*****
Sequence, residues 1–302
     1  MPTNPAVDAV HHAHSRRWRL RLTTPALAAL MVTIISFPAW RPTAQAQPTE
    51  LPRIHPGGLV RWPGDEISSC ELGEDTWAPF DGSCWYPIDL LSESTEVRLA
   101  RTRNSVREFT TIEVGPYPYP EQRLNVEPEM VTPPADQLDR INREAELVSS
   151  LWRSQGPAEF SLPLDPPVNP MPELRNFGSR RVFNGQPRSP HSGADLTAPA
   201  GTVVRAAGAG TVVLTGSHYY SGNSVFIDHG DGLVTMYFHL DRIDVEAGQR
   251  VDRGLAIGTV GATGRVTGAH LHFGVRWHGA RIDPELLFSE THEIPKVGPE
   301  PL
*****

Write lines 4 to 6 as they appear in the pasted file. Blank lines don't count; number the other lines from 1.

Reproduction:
   101  RTRNSVREFT TIEVGPYPYP EQRLNVEPEM VTPPADQLDR INREAELVSS
   151  LWRSQGPAEF SLPLDPPVNP MPELRNFGSR RVFNGQPRSP HSGADLTAPA
   201  GTVVRAAGAG TVVLTGSHYY SGNSVFIDHG DGLVTMYFHL DRIDVEAGQR